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July 31, 2017

Why Photography is Like Therapy for Empaths.

 

Five years ago, I discovered a name for what I am: an empath.

It was the beginning of a major spiritual awakening and a true aha moment in my life. It gave a sense of purpose to all that I have experienced, including the soaking up of other people’s emotions and my call to help those in emotional pain.

I also remember when I first started to love photography. It was a bit more than five years ago—I found photography when I was five years old and my grandfather offered me my first camera, a lovely Minolta.

Photography opened up a new world for me. It was like entering a sacred alternate reality where I could express myself as I wanted. It was a pause in painful experiences and emotions, and also a way to heal and connect with myself.

I didn’t know this at the time, of course—the only thing I knew was that it felt right. It felt good.

As I grew up, I thought many times about becoming a professional photographer and I even took a photography course, but it was all too technical to me. While it was nice to learn techniques, for me, taking a picture wasn’t about perfection or light or color or positioning, it was about capturing emotions.

I loved taking photos of other people, of moments. I wanted to capture the emotions I was feeling from others, especially the good ones.

I wanted them to be registered forever, so those people could see how beautiful they are and how much love they can share with the world. When they were headed down the rabbit hole or hitting rock bottom, I wanted them to be able to look at these photos and connect with who they really are.

I also wanted to capture my own emotions while watching the emotions of others. Taking photographs helped me to distinguish between other people’s emotions and my own, which can sometimes be confusing for an empath who doesn’t know she is an empath.

Photography became my therapy, my healing, my grounding ritual.

This therapy also allowed me to explore my free spirit. When I was taking photos, I didn’t have any “I should” or “I have to” thoughts; I didn’t have to let go of my own inner truth to please others.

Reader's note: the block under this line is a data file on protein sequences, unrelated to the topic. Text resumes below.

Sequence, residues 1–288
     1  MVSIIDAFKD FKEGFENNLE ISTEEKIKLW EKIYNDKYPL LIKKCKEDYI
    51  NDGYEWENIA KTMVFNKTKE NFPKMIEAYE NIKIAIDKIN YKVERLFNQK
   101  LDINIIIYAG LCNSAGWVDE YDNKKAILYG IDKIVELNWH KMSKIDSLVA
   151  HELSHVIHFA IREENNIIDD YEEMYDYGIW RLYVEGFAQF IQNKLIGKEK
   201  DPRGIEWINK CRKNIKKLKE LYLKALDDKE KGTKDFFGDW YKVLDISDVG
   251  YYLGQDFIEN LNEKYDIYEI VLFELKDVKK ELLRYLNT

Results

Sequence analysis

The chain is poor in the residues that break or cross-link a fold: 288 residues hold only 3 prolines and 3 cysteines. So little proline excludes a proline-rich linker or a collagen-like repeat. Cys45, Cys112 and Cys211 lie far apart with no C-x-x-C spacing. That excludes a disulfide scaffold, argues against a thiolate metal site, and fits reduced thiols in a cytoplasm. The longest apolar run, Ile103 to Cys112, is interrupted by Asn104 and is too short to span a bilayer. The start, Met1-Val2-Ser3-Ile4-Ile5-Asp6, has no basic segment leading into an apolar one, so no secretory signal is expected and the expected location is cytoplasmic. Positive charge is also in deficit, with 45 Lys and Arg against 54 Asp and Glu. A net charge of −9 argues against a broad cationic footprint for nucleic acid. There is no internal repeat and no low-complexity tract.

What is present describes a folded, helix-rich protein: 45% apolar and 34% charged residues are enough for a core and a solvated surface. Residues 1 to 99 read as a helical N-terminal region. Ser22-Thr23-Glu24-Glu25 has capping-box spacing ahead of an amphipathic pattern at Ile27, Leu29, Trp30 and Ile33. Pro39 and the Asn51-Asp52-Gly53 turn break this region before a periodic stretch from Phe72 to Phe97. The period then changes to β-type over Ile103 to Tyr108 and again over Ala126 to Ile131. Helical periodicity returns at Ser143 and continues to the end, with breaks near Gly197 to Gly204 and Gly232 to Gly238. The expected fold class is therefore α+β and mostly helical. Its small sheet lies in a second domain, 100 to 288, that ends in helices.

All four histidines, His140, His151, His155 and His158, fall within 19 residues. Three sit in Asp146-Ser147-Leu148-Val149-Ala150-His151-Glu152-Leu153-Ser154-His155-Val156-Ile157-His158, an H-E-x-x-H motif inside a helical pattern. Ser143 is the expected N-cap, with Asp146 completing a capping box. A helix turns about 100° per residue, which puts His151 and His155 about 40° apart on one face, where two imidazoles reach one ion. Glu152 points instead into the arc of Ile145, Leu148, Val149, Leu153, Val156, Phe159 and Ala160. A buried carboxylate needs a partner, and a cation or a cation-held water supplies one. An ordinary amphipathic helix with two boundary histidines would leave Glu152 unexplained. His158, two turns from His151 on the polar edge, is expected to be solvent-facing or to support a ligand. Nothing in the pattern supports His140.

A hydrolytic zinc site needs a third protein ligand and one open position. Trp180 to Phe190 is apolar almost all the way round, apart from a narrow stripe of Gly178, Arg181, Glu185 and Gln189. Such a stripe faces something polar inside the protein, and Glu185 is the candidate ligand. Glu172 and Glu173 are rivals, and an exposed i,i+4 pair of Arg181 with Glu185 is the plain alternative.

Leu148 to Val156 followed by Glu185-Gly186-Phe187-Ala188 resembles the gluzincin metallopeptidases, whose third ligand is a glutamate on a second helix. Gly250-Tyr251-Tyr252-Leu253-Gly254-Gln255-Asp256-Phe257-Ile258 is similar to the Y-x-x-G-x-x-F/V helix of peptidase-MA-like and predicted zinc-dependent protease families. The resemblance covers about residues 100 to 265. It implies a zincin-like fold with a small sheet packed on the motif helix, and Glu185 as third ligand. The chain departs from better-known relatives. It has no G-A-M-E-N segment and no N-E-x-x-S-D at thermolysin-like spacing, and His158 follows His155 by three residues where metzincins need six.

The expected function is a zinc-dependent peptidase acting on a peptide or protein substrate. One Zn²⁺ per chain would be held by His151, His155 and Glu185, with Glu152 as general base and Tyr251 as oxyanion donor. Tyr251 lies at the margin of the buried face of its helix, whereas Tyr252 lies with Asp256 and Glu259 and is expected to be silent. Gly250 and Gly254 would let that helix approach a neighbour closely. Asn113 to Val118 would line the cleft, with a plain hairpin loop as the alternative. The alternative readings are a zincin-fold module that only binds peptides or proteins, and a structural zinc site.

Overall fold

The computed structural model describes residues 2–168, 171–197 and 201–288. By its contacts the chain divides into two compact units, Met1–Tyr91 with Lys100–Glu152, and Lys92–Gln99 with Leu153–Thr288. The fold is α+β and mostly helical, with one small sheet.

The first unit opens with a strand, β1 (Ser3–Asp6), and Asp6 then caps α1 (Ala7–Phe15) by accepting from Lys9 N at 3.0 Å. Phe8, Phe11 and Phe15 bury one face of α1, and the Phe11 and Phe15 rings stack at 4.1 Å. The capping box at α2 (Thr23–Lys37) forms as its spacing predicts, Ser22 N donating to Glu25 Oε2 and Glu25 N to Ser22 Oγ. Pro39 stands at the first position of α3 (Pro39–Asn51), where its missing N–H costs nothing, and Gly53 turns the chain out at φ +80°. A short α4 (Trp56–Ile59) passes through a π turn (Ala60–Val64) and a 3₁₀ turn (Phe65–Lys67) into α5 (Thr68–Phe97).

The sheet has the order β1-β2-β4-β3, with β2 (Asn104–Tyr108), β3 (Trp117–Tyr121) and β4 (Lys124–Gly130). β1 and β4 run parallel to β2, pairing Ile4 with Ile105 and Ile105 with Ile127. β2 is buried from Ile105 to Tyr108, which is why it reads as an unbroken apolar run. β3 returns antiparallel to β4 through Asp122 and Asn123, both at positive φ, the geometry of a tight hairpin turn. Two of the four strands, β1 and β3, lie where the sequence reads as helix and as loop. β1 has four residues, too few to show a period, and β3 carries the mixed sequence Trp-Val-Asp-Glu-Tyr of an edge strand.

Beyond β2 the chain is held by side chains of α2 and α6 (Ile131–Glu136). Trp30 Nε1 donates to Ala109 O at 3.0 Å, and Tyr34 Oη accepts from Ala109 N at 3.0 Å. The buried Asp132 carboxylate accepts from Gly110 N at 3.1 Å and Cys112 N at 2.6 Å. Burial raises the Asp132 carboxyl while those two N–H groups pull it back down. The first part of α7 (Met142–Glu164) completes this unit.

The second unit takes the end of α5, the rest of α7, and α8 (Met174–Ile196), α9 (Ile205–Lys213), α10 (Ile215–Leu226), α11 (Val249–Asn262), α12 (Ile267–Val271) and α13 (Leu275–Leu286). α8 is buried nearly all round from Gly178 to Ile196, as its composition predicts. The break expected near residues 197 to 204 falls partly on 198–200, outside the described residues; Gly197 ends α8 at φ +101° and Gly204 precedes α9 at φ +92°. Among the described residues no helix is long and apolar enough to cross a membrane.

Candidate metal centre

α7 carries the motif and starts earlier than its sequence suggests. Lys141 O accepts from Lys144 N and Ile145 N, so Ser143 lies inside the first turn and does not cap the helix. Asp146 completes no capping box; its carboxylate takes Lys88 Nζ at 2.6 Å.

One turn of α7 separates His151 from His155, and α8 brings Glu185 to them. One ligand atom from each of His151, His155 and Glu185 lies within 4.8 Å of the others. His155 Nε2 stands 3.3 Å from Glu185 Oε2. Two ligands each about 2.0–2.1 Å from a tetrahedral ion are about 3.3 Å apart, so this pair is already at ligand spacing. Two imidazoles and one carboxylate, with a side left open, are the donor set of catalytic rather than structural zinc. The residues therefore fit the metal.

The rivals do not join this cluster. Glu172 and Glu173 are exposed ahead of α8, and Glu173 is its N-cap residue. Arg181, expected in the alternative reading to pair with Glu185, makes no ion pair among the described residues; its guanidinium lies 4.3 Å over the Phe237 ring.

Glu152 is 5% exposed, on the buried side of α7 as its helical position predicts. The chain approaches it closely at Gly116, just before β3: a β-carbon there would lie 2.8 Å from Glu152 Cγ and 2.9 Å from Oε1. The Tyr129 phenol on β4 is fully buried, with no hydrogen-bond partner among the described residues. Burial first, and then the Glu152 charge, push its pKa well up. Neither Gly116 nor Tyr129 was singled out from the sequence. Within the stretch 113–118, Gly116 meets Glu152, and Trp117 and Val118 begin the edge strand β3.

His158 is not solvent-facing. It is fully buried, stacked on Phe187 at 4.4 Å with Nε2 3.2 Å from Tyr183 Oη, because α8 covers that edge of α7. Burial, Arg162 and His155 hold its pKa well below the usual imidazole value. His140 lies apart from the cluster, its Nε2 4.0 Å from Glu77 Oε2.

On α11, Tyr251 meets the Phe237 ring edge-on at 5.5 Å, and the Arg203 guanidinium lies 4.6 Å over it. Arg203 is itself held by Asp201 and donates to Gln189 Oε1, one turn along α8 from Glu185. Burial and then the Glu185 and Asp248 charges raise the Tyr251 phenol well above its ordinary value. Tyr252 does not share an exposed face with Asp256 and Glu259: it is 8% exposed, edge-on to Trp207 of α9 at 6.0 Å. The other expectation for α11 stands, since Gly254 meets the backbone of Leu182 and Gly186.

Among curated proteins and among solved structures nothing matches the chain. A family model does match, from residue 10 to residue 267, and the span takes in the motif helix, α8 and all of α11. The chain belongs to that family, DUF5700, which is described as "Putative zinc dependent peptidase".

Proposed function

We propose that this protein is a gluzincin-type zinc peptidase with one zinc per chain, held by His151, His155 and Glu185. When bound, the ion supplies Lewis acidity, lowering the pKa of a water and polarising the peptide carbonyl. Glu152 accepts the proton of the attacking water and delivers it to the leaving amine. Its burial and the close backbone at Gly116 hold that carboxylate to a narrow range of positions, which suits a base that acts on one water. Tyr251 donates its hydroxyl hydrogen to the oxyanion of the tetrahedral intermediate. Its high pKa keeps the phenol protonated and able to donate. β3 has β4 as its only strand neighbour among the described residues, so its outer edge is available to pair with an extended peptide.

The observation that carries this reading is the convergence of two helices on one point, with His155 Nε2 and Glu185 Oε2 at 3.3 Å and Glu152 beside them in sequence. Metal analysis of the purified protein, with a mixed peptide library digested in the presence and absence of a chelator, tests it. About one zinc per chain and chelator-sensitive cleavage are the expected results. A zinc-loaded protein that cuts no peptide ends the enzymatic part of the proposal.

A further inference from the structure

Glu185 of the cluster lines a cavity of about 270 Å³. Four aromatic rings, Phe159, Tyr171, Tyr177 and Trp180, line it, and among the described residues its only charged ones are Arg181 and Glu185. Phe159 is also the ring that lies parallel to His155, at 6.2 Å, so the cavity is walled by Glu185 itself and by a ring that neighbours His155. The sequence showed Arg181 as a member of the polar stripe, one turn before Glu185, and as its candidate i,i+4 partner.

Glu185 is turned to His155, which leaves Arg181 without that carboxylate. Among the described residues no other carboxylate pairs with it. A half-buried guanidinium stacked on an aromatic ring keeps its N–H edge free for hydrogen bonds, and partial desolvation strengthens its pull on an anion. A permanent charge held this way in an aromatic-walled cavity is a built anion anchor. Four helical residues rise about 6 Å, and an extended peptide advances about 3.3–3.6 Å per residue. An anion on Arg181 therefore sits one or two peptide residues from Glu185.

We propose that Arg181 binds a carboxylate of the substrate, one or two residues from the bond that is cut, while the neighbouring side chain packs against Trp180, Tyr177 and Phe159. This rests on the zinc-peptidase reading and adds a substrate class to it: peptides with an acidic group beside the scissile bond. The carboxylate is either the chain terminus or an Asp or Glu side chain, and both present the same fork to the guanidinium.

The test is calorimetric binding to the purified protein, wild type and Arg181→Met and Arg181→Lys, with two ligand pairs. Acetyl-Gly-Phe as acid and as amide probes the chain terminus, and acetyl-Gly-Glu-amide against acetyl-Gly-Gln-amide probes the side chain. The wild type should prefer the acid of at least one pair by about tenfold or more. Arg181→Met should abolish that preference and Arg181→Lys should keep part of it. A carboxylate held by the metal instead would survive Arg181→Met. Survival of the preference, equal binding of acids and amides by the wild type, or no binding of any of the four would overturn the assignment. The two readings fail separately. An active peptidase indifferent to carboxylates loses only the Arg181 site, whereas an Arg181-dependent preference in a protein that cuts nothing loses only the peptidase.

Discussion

No, I was free—completely present in the now, in the moment. Noticing everything around me, the small details in people, things, moments, or nature.

I eventually gave up on the idea of becoming a professional photographer, because I realised I can only take pictures when I feel inspired to do so, when I feel called.

But it wasn’t until after I discovered my empathic nature that I finally became conscious of my emotional connection with photography.

I realised that our emotions, what we feel, are the guiding system of our lives. How we feel about something or someone comes from the wisdom of our past lives and our ability to know our inner truth.

My need to capture these emotions through photography, especially the positive ones, was also my way of connecting with my guiding system, with how I feel. Doing that felt effortless.

I also realised that when I was capturing a beautiful smile from someone I love, or a gorgeous rainbow in the sky that filled my heart with love and gratitude, I was connecting directly with the energy around me. It was healing and therapeutic.

I believe all empaths are different and have different experiences and journeys, but I also believe it is so important that we be creative and free, that we have something in our lives that allows us to express ourselves and connect with the divine.

I would love to hear from other empaths in the comments about your own connection with photography, or other similar creative therapies you might have. 

~

Relephant reads:

The Best & Worst Careers for Empaths.

How being an Empath can lead to Adrenal Fatigue, Insomnia & Exhaustion.

~

Author: Carla Gadyt
Image: Author’s Own
Editor: Nicole Cameron
Copy Editor: Travis May
Social Editor: Khara-Jade Warren

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Renita Noriega Nov 14, 2018 5:34am

I feel the exact same way. I have done portrait photography before, but I feel like a fraud doing so. Im not good at posing and light and all the other technicalities that go with it. The smiles I like to capture are genuine and true. The fake "say cheese" has never sat well with me. The tears, the anger, the pain, the passion. All real true emotions that I too felt during those moments and was later able to distinguish from my own. My favorite is my children. When i get to capture their every day moments. For me, photography is very much my therapy. It has helped me to find beauty in everything, including myself. To feel a deep connection to everyone and everything around me. It has helped me to pause time, or at least slow it down. I now appreciate every single beautiful moment. Through my own pain, pleasure, joy and life, photography has helped me find my place in a once noisy, chaotic world. It has given me peace. Given me a voice, a vision. It has saved my sanity, my life, me.. in so many different ways.

Andrea Cibulka Aug 2, 2017 2:59pm

Thank you - now i 'see' why i love taking and looking at pictures!

Barbara Barnes Aug 2, 2017 12:15pm

Wow. This explains so much of me that I never really saw before. Thank you!

Carla Gadyt Aug 1, 2017 12:21pm

Glad to be of service Samantha! :)

Sam L Copus Jul 31, 2017 7:58pm

All of this! You just explained a life long love I didn't consciously realize was serving a purpose!

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Carla Gadyt

Carla Gadyt is an intuitive empath, free spirit, and old soul flowing with the current of life. She is also an empowerment and spiritual transformational coach for empaths. You can connect with her on her website and on Facebook.